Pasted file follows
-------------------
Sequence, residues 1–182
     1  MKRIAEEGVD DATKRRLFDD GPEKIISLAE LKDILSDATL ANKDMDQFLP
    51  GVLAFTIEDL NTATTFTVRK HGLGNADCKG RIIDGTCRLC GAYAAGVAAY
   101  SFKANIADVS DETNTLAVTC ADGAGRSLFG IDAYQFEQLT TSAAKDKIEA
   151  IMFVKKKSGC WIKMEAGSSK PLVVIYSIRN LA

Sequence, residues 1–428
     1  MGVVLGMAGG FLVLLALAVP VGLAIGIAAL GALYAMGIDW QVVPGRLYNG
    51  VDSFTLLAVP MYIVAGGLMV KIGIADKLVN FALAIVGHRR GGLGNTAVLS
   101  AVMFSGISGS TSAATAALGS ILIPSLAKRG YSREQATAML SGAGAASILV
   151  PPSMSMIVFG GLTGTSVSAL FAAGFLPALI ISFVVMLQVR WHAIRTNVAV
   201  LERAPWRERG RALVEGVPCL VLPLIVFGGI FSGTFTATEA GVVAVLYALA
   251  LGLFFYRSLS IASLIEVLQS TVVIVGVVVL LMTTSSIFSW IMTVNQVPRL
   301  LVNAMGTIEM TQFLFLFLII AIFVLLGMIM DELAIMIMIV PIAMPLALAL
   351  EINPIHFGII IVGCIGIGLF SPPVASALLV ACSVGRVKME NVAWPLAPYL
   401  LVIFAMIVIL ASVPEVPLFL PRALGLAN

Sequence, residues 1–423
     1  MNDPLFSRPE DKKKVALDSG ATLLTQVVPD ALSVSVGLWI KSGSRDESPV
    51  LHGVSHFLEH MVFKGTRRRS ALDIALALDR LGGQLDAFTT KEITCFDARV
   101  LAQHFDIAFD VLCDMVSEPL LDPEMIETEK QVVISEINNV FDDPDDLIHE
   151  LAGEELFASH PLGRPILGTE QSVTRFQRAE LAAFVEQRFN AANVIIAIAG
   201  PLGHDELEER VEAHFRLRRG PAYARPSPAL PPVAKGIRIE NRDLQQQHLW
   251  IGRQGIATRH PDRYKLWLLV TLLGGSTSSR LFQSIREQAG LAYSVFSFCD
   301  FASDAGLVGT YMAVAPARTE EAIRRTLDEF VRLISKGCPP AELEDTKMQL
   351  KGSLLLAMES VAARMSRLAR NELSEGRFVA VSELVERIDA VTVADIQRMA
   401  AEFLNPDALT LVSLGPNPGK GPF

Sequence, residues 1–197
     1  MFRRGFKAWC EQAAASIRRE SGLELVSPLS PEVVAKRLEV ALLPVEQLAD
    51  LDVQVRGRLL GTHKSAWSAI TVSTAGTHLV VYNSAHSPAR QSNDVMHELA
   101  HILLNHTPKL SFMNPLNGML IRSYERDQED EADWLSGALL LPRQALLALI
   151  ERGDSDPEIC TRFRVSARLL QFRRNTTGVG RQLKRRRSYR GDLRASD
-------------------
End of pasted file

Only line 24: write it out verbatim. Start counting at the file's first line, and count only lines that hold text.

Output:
   351  KGSLLLAMES VAARMSRLAR NELSEGRFVA VSELVERIDA VTVADIQRMA